Judith by Botticelli

Hanukkah celebrations include the story of Judith and Holofernes, written in the book of Judith, one of the books of the Apocrypha.  Judith was a pious beautiful Jewish woman who saved her people through bravery and guile by seducing Holofernes, an Assyrian general who was sieging her town.  She beheaded him when he was drunk, infatuated, and near naked, and the siege was ended.
Sandro Botticelli painted the scene of Judith with Holofernes's head  between 1469 and1470.   Botticelli painted Judith holding a branch, as she returns with the head, as seen in the detail above. 

Could Judith have been holding a henna branch?
The branch from Botticelli's painting of Judith compared to henna branches.

Botticelli's BranchHenna Branches

The branch in Judith's hand has been interpreted as an olive branch, a sign of peace, and as a myrtle, a symbol of Venus.  Botticelli frequently used plants as narrative symbolism in his paintings, particularly his allegorical paintings. 

Could Judith's branch have been an olive branch? 
The branch in Judith's hand more closely resembles a henna branch than an olive branch.  The pairing of leaves along the stem is correct, but olive leaves are more elongated than those depicted.

View pictures of olive leaves at:  http://en.wikipedia.org/wiki/Image:Olive-tree-leaf-0.jpg
View pictures of olive branches at: http://www.lifeinitaly.com/food/olives.asp
View additional pictures of olive trees and branches at: http://www.eastofedenplants.co.uk/olive_guide.htm

It would seem unusual that Botticelli would paint an olive leaves inaccurately, as he must have been familiar with olive trees growing in Italy.  In Pallas and the Centaur, painted by Botticelli in 1482, there is a depiction of olive branches surrounding Pallas Athena.  These leaves are darker and more elongated than the branch in the Judith painting, and the branches are pliable, not rigid.

View Pallas and the Centaur by Botticelli: http://www.wga.hu/art/b/botticel/5allegor/20pallas.jpg

Could Judith's branch have been myrtle?
Crape myrtles are Lythraceae (loosestrife family) as are henna. Myrtle closely resembles henna, and Botticelli  frequently painted myrtle into his paintings, especially
  in conjunction with Venus, as in his painting, Primavera, 1482, Galleria degli Uffizi, Florence.

View pictures of Botticelli's other allegorical paintings at: http://www.wga.hu/frames-e.html?/html/b/botticel/5allegor/40venusm.html
View Venus with Myrtle at: http://www.wga.hu/art/b/botticel/5allegor/12primav.jpg
For more information on Myrtle see: http://en.wikipedia.org/wiki/Myrtle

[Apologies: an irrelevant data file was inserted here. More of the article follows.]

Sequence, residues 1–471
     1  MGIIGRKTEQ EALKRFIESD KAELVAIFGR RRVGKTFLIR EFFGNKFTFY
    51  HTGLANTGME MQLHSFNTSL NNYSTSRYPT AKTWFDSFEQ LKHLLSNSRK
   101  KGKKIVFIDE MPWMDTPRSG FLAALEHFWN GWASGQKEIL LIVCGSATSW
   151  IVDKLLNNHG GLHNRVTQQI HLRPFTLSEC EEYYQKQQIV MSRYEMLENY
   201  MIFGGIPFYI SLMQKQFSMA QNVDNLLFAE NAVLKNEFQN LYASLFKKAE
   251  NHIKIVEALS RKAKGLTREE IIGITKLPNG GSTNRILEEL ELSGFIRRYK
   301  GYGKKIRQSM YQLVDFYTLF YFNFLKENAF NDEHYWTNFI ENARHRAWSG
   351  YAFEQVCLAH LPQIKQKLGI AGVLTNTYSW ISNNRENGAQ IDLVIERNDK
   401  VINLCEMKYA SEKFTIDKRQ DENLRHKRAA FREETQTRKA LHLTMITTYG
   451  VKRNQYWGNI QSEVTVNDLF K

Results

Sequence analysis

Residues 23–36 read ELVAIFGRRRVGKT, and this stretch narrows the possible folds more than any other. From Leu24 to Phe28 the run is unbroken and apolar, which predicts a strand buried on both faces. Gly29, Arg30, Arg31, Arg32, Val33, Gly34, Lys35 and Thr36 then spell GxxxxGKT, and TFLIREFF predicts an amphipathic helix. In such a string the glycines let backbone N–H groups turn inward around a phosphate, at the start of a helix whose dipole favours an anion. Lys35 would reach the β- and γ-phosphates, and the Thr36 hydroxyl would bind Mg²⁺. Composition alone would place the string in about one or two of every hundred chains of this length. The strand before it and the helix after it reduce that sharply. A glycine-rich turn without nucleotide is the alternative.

The leaves on  Venus's myrtles are much darker and larger than the leaves on Judith's branch.  The leaves on Judith's branch are not longer than the length from the tip of her thumb to the middle knuckle, about 3 cm in real life. The myrtle leaves that accompany Venus in Primavera are as long as the length of the tip of her thumb to the base of the thumb, about 6 cm, even without allowing for perspective.  Henna leaves are about 3 cm long, and never grow 6 cm long.

It is possible that Judith's branch is myrtle, but the color and size of the leaves on her branch is inconsistant with that interpretation, and the strong association between myrtle and sexual passion and beauty as represented by Venus, rather than victory as represented by Judith, is also inconsistant.

Could Judith's branch have been henna? 

Could Botticelli, in 15th century Florence, have been aware of henna, or that it symbolized victory?  Henna would not have grown in Florence, but it could easily have grown in southernmost Italy and Sicily. Since Botticelli painted orange trees with blossoms in his paintings, he was aware of plants that did not grow in the immediate vicinity of Florence.

It is plausible that Botticelli could have seen a living henna plant, or at least a few branches that had been pressed and dried.  Henna was widely used in Turkey during the Renaissance century for hair and skin adornment, and Italian travelers to Turkey described such. Florentine and Venetian merchants imported goods from Istanbul, and this may have included henna.
Therefore, it is plausible that Botticelli could have known about henna.  Could he have known that henna was used in connection with victory in battle? It would be difficult to prove that Botticelli was familiar with the Middle Eastern tradition of women celebrating victory with henna:  but neither would it be impossible for him to be aware of such.  Both Arabic and Jewish texts were kept in homes and libraries through Southern Europe prior to the Inquisition.

The depiction of Judith returning with the head of Holofernes is a moment of victory.  If Botticelli was aware that henna was used in victory celebrations in the Middle East, particularly by women, he could have deliberately placed henna in Judith's hand to convey victory rather than peace which is symbolized by an olive branch.

For symbolism of the olive branch, see:

It is not possible to prove that Botticelli intended Judith's branch to be henna and to symbolize women's traditional use of henna in victory celebrations in the Middle East, but it does resemble a henna branch much more than it does an olive branch or a myrtle branch, and the symbolism is more consistent.

Can't find what you're looking for?  Try:
The Henna Page Main Index 
*"Henna, the Joyous Body Art" 
the Encyclopedia of Henna
Catherine Cartwright-Jones c 2000 
registered with the US Library of Congress
TXu 952-968